Languedoc wines appellation Cabardès
Your campsite is located in the heart of the Cabardès vineyards, an AOC appellation covering 550 hectares of vines south of the Montagne Noire, close to your Le Martinet Rouge campsite. The soil is not very fertile, but is particularly well-suited to quality production.
Cabardès is the only wine that blends grape varieties of both Mediterranean and Atlantic origin: Merlot and Cabernet Sauvignon for the Atlantic, and Syrah and Grenache for the Mediterranean.
The dominance of strong winds from the Atlantic Ocean provides the maritime air that allows the Cabernet Sauvignon and Merlot grape varieties to flourish, giving this wine its characteristic taste, with structured tannins and aromas combining fruit such as blackcurrant and plum with notes of smoke and leather… while the southern grape varieties, which appreciate the sun, flourish in the warm, dry Mediterranean climate. On the nose, these crus give off scents of garrigue, spices and liquorice.
The Cabardès appellation, anAude wine to be enjoyed absolutely (in moderation!)
Cabardès, under the cross winds of east and west, takes on a singular balance, developing in its aroma all the sweetness of the Mediterranean with the vivacity of the ocean. Two AOC wines:
Cabardès red wines with a deep red color.
Nose: aromas of blackcurrant liqueur, black cherry, candied fruit, violet, leather.
Palate: velvety, powerful, complex.
Cabardès rosé wines in a wide range of colors.
Nose: intense, clean aromas of red fruit, raspberry, strawberry. Very tasty.
Palate: fruity, lively and typical. Beautiful roundness with crunchy fruit.
The confidentiality of the Caberdès AOC wine makes for good cohesion between wineries and producers.
The history of Cabardès wine
Introduced by Greek merchants in the 2nd century, wine production in the region really took off under Roman occupation.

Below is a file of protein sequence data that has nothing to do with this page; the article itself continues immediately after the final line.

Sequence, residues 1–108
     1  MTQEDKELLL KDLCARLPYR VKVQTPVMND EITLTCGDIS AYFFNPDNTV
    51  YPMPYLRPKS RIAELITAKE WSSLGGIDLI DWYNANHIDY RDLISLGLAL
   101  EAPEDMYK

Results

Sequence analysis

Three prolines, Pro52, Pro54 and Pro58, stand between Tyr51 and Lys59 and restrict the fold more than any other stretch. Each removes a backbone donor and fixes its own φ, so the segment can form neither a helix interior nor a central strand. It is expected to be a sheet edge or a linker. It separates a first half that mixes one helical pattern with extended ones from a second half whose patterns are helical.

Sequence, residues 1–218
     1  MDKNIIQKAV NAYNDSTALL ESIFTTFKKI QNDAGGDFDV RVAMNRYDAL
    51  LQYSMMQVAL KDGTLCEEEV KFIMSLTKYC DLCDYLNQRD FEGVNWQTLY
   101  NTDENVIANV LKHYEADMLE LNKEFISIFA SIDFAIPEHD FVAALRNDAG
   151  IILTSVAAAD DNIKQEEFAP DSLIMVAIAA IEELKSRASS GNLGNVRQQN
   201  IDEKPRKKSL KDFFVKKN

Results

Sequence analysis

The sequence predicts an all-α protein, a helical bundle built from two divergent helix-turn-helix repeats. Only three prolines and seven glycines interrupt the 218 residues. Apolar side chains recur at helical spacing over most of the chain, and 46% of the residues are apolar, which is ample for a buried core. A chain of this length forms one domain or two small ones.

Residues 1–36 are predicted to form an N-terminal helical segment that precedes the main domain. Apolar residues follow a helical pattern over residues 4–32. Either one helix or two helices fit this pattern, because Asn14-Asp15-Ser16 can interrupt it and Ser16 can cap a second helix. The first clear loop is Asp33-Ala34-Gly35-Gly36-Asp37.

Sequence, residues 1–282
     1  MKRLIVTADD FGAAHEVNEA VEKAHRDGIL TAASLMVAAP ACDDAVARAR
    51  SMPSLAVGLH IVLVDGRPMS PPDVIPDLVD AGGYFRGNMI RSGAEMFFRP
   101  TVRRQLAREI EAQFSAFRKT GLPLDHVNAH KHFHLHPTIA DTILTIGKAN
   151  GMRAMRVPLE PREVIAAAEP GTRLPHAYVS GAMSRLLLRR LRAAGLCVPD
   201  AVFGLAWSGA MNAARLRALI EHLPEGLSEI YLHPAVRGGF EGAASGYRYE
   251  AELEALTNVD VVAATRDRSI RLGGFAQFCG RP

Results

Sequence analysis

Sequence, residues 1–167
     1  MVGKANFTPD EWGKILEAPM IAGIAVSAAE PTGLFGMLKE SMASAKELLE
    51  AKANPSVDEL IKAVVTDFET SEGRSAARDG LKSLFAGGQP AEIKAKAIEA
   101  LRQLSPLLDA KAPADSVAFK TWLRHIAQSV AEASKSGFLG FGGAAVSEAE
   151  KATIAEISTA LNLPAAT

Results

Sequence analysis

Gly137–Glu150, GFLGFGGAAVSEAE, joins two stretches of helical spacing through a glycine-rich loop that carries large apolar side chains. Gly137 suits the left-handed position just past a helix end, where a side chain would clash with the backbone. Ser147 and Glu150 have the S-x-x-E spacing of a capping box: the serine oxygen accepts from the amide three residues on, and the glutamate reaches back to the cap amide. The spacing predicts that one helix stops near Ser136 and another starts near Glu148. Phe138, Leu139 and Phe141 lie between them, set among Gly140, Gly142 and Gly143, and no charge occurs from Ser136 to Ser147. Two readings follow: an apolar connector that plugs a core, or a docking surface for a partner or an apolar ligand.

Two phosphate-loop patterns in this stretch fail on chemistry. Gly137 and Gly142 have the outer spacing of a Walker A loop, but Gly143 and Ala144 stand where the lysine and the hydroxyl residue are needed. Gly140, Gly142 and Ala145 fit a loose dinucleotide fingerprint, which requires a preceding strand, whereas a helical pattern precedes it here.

But it was the monks of the abbeys of Lagrasse, Caunes-minervois, Fontfroide and Saint-Hilaire who drove viticulture forward.
The country embraced the Cathar religion, which authorized wine production in the region, but adherence to the dogma led to the destruction of vines by the soldiers of the Albigensian crusade, notably Henri de Beaujeu. Then came the Black Prince, who had what remained of the vineyards uprooted during his incusrion in Languedoc during the 100 Years’ War.
It wasn’t until the completion of the Canal du Midi in 1681, which linked the Mediterranean and the Atlantic, that modern vineyards were once again established and trade progressed. Two successive crises, one caused by powdery mildew and the other by phylloxera, led to a revolt by too many growers.
The winegrowers then organized themselves into a cooperative, prioritizing quality over quantity, and in 1999 obtained the AOC for Caberdès wines.
The AOC comprises 4 cooperative wineries and 18 private wineries, representing around 300 winegrowers. Many offer tasting cellars for the public to discover the quality of their vineyards, glass in hand.
Visit the Aude, a wine-growing region on the wine route
Cabardès is also a land to discover, just a few kilometers from Carcassonne, where old stones charm you in villages nestled at the foot of the Montagne Noire. Aragon, anchored on a rocky outcrop and surrounded by the Cabardès vineyards, offers a superb panoramic view of the region. The village of Montolieu offers a haven for book lovers, with its narrow streets lined with second-hand booksellers, bookshops and art craftsmen, as well as a Museum of Book Arts and Crafts.
Other walks for history buffs: the Château de Pennautier, the Vilelongue abbey, the Brousse paper mill or the drystone capitelles, the museum of old winegrowers’ tools.
Finally, the Canal du Midi is an invitation to silence and meditation in the midst of lush greenery, providing the perfect backdrop for sporting activities and hiking escapades… What a program!
camping Cabardès, camping Aude